Just as everyone’s experience in Cuba will be different, everyone will have varying needs when it comes to budgeting for the trip.  I stayed four days and spent less than $300 (that included my housing, food, two taxi rides, and some souvenirs).  But unlike most people, I do not eat meat and I didn’t drink a lot of alcohol.  My recommendation would be budget between $50-100/day depending on where you stay and what you plan to do while visiting.


Happy traveling!

Cuba Libre – Preparing for an Amazing Experience

Recently I had the privilege of visiting the island that has been officially off the grid for most US passport holders.  This is a place that, as a little girl, I have always been told that it is bad.  The people are bad.  Their government is bad (said the pot to the kettle).  For as long as I recall, I would only remember hearing negative things about this place called Cuba.  This beautiful island with all of its vibrancy and splendor.  All of its rich culture and history.  This place that great you with warm sunshine and a full embrace welcoming you to come, explore, learn, live and love everything about this culture.  There is so much to tell and it will definitely be told in future posts, but the purpose of this post is to provide insight regarding my planning activities for this trip.

The plans for my trip started well over a year ago and intensified during the summer of 2016.  Seeing several posts from individuals on social media who’ve visited this island jewel via connections from places like Panama, Mexico, Canada and the Cayman Islands, I took many notes on places to go, where to each, how to get around, educational opportunities, etc.  However, I knew that I did not want to spend the time and energy to hop from the states to a nearby country and then to Cuba to get around all of the restrictions.  I also knew that I was not going to spend three thousand dollars for a four or five-day trip just to go with a group.  Thanks to the actions of President Obama, I didn’t have to do any of the aforementioned activities, I simply had to generate my itinerary, figure out where I would stay, and get my plane ticket.

  • First step – securing the plane ticket.  Based on schedule (and purposely avoiding MIA), I elected to fly with Delta for my trip with Cuba.  One of the primary reasons why I selected the airline is because I have a credit card that affords me additional perks on the airline.  The round-trip airfare was $250 which was great in my opinion.  Not the $150 fares that a lot of people are getting, but still a very good fare considering the distance flown and location.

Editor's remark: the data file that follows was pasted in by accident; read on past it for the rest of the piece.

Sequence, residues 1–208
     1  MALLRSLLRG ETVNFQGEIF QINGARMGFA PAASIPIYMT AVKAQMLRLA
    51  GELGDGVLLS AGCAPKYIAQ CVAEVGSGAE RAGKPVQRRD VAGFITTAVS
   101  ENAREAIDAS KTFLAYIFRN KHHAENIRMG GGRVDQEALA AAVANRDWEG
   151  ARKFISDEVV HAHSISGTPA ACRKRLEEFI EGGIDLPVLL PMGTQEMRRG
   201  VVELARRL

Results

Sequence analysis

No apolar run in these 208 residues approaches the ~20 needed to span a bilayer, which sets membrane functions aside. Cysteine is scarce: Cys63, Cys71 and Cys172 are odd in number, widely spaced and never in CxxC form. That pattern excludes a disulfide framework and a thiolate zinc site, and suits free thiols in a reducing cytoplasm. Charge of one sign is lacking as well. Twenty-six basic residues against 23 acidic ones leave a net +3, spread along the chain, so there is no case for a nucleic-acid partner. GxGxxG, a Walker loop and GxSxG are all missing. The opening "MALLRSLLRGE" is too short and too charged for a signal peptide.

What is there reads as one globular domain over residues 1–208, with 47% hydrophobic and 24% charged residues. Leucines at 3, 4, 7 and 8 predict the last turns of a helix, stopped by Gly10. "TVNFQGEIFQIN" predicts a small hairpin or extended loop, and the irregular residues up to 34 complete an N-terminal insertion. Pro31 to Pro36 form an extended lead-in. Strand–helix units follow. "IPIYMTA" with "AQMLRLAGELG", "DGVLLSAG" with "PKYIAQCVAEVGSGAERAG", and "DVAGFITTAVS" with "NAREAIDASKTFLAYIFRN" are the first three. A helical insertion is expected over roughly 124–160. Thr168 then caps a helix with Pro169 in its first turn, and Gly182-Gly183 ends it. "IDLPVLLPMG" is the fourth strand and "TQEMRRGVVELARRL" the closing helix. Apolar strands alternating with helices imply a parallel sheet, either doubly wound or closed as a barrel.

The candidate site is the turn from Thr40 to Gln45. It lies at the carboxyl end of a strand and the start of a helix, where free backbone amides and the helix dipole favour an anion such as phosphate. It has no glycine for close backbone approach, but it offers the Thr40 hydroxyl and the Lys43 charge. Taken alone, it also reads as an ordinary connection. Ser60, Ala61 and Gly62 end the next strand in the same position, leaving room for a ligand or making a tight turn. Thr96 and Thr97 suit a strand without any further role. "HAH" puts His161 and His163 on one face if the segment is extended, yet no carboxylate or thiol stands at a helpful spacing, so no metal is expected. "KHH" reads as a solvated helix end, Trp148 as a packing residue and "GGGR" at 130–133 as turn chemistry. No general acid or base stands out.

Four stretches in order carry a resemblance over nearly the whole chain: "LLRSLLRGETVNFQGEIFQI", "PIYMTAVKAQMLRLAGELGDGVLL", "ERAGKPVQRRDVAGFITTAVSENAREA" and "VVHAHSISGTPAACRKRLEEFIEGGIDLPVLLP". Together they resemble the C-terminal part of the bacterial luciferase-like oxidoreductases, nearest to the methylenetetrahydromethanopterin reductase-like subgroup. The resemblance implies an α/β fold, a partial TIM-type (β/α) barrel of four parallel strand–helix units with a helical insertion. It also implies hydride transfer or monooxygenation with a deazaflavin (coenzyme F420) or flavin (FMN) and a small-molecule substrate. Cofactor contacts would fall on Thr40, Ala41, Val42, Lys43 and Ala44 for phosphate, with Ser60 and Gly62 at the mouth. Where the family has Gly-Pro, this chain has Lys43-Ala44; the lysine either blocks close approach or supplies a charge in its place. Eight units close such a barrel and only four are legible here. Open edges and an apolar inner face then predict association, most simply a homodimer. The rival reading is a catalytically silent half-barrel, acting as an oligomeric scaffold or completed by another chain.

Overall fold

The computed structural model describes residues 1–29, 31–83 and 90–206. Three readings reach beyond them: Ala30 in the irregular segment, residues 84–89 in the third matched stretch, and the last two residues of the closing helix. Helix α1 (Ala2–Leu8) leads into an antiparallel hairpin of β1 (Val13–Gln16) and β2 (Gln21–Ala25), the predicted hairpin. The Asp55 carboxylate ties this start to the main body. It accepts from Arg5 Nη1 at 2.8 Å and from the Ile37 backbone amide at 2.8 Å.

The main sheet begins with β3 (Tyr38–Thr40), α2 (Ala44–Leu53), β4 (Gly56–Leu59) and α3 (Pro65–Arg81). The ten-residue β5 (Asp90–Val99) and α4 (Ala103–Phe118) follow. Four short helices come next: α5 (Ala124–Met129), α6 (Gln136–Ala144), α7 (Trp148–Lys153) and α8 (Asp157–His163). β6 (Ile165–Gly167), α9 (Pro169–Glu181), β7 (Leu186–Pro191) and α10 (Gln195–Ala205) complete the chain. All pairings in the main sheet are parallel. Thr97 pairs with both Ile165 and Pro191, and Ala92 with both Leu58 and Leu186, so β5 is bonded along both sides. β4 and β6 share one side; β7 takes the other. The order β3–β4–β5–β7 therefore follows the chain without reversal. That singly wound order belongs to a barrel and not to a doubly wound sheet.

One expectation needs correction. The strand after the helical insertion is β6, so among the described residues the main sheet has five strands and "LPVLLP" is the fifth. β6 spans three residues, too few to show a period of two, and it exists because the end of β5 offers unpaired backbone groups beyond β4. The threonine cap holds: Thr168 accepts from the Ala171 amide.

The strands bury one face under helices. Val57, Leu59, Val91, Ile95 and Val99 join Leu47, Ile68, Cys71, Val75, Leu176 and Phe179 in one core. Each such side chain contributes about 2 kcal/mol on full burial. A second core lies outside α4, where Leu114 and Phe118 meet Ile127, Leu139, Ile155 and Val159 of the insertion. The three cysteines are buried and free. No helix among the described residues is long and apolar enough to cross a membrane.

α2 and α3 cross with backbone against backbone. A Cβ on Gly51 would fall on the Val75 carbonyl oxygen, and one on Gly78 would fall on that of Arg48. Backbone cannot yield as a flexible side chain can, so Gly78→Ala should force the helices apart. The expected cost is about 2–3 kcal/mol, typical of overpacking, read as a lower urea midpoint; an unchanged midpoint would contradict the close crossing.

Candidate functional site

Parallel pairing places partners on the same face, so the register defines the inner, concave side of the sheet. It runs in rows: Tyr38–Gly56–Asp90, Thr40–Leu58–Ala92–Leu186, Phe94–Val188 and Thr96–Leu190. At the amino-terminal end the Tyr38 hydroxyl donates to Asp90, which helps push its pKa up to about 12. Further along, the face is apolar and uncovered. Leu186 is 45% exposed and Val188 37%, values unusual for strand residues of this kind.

• The next step was to plan my itinerary.  Initially I reached out to a local tour guide for assistance, but figured out that I could save a significant amount of money by developing my own itinerary based on the research that I conducted.  The purpose of my trip was to have a true people-to-people experience, so I made sure my itinerary included time for social interaction and time for me to experience the food, religion, and culture of cuba.
  • The third step was to find my lodging.  Initially I was booked for a location in Old Havana; however, a woman in one of the social media groups I used during my research phase recommended the area of Vedado and provided me with contact information of a woman who owned the Casa Particulare where she stayed during her trip.  Casa particulares are basically the homes of locals where you are living with them in their house.  You typically have your own room in the house and access to the living area.  My particular home had a private bath so that I didn’t have to share with the family.
  • The final step was to develop a budget and determine which currency to take for exchange purposes.  Most sites recommended euros or Canadian dollars based upon the 10-15% penalty on american dollars.  However, based on my personal experience, I would recommend you take american dollars or euros.  In the grand scheme of things, the 10-15% penalty is much less than the significant loss you will have exchanging Canadian dollars.  You will lose approximately $.35 on a dollar exchanging CAD.
    • Regardless of the currency that you take for exchange purposes, be sure to increase your budget by 10% to account for any unplanned expenses due to a change in itinerary or the purchase of additional materials.
  • Taxi fees are set by the government so the possibility of getting ripped off on a taxi ride from the airport to your final destination is really low.  The one-way fare for a ride from the airport to Old Havana/Central Havana/Vedado is 25 pesos (CUC).  The cost is per vehicle, not per person.
    • If you take the local taxi (colectivo) to get around Havana, you typically pay no more than 1 CUC each direction.